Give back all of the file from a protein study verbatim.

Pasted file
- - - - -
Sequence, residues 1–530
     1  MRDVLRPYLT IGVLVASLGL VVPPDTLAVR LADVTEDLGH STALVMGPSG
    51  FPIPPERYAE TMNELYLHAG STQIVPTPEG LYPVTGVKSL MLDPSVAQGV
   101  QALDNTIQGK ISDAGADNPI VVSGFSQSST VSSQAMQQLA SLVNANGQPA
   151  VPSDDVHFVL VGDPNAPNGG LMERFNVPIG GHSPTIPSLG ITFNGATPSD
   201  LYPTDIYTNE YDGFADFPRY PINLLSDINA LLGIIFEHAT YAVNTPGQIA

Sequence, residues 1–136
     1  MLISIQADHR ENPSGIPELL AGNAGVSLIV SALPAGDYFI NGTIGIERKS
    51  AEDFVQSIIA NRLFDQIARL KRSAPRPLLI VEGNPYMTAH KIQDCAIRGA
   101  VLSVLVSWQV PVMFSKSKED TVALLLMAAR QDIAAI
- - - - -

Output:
Sequence, residues 1–530
     1  MRDVLRPYLT IGVLVASLGL VVPPDTLAVR LADVTEDLGH STALVMGPSG
    51  FPIPPERYAE TMNELYLHAG STQIVPTPEG LYPVTGVKSL MLDPSVAQGV
   101  QALDNTIQGK ISDAGADNPI VVSGFSQSST VSSQAMQQLA SLVNANGQPA
   151  VPSDDVHFVL VGDPNAPNGG LMERFNVPIG GHSPTIPSLG ITFNGATPSD
   201  LYPTDIYTNE YDGFADFPRY PINLLSDINA LLGIIFEHAT YAVNTPGQIA

Sequence, residues 1–136
     1  MLISIQADHR ENPSGIPELL AGNAGVSLIV SALPAGDYFI NGTIGIERKS
    51  AEDFVQSIIA NRLFDQIARL KRSAPRPLLI VEGNPYMTAH KIQDCAIRGA
   101  VLSVLVSWQV PVMFSKSKED TVALLLMAAR QDIAAI